2. Expansion joints are excellent to incorporate into concrete as it helps endure stresses.
  3. Allowing thermal expansion and contraction without instigating stress into the elements is also one of the expansion joints' significant features.
  4. An expansion joint disconnects segments of similar materials.

Expansion Joints On Concrete Slabs

Gray cracked concrete texture background, close up

As moisture and temperature change, concrete slabs expand. And if you will not control it immediately, cracks will start to appear. Although incorporating expansion joints on slabs and sidewalks is crucial, these will aid in taking the stresses of both concrete.

Before pouring the concrete, expansion joints need to be placed first. You can typically incorporate these on a slab where it encounters another slab, a building, or a pool deck that meets the coping. To construct expansion joints on slabs, you need flexible materials such as asphalt coated, plastic, or cork. These components should expand the slabs' depth and extend its width fully.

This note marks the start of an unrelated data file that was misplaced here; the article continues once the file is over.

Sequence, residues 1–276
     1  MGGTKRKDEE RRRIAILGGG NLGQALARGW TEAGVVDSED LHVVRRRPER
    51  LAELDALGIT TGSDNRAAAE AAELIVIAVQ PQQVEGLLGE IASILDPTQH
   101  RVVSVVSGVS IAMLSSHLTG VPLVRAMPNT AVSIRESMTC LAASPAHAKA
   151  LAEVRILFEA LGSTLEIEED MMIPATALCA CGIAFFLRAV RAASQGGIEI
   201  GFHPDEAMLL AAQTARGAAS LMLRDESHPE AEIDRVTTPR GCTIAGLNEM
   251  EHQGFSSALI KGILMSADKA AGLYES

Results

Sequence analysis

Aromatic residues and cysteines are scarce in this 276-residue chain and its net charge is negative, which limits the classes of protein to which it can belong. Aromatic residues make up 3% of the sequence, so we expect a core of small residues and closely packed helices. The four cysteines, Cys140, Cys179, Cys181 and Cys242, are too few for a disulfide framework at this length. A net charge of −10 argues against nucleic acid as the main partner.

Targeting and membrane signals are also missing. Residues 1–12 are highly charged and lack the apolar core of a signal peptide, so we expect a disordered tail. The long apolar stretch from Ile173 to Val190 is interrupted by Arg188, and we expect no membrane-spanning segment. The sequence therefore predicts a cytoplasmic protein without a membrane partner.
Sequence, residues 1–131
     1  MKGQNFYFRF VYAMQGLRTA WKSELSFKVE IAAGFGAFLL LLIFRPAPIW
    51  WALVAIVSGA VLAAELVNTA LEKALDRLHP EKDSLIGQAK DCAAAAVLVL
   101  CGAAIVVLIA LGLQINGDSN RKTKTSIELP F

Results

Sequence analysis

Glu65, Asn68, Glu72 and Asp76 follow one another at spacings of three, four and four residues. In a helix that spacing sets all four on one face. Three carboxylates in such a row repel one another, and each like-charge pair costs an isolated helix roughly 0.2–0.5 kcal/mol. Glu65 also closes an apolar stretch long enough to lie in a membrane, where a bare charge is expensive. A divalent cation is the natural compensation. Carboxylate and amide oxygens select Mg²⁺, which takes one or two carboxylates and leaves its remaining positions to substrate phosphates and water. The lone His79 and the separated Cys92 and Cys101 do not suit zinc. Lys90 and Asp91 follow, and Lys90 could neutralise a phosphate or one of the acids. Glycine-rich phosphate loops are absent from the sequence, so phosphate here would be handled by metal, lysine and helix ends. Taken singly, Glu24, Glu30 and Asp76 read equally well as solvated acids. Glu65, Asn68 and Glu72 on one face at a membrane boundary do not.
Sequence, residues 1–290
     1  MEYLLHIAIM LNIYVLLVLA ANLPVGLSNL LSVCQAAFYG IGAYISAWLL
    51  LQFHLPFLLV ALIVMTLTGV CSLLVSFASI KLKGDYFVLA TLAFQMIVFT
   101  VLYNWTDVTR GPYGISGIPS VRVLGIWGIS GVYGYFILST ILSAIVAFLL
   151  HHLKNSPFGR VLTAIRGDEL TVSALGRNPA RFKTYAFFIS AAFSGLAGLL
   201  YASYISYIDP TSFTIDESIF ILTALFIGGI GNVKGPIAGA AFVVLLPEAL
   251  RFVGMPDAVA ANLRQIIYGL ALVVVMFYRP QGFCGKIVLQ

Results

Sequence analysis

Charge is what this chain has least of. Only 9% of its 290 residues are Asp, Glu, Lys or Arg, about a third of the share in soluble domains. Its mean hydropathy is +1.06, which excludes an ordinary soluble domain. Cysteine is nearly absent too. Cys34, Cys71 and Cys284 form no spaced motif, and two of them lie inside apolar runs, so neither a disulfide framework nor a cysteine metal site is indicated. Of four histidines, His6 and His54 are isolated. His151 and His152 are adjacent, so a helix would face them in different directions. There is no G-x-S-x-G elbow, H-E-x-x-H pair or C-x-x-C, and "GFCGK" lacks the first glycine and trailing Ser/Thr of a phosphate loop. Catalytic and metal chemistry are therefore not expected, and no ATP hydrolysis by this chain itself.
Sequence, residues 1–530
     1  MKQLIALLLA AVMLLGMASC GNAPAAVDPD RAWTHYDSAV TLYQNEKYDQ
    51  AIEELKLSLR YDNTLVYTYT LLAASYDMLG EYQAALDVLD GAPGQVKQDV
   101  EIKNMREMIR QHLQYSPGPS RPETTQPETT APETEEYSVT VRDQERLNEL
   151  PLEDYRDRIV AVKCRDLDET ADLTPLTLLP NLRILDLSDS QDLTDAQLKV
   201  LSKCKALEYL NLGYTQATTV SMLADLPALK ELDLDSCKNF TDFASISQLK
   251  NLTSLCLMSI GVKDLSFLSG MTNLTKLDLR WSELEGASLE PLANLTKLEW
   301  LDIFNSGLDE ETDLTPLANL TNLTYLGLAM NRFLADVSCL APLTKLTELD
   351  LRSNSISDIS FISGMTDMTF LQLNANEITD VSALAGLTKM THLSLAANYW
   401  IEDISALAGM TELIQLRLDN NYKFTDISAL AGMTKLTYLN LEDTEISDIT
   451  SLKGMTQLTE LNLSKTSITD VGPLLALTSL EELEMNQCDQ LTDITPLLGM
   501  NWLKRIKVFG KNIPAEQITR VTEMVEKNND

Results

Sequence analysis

Sealing the expansion joints is preferable. It is advisable to use high-quality urethane caulk to help avoid water from penetrating the joints and freezing. There are urethane caulks or sealants rated to last up to 50 years.

With a bit of proper planning before pouring, using expansion joints will help minimize cracking and prolong the lifespan of your concrete slabs.

Expansion Joints On Sidewalks

According to our construction industry sources, expansion joints are not necessary to install in your sidewalk projects at 50-foot intervals. Elongated spaces of concrete do not demand expansion joints. The proper utilization of expansion joints at brief spacings of 5 feet will permit the appropriate movement of the individual sidewalk slabs. Because of the normal shrinkage of the concrete after arrangement, the slab probably will never expand and become more extensive than it is at the time of placement.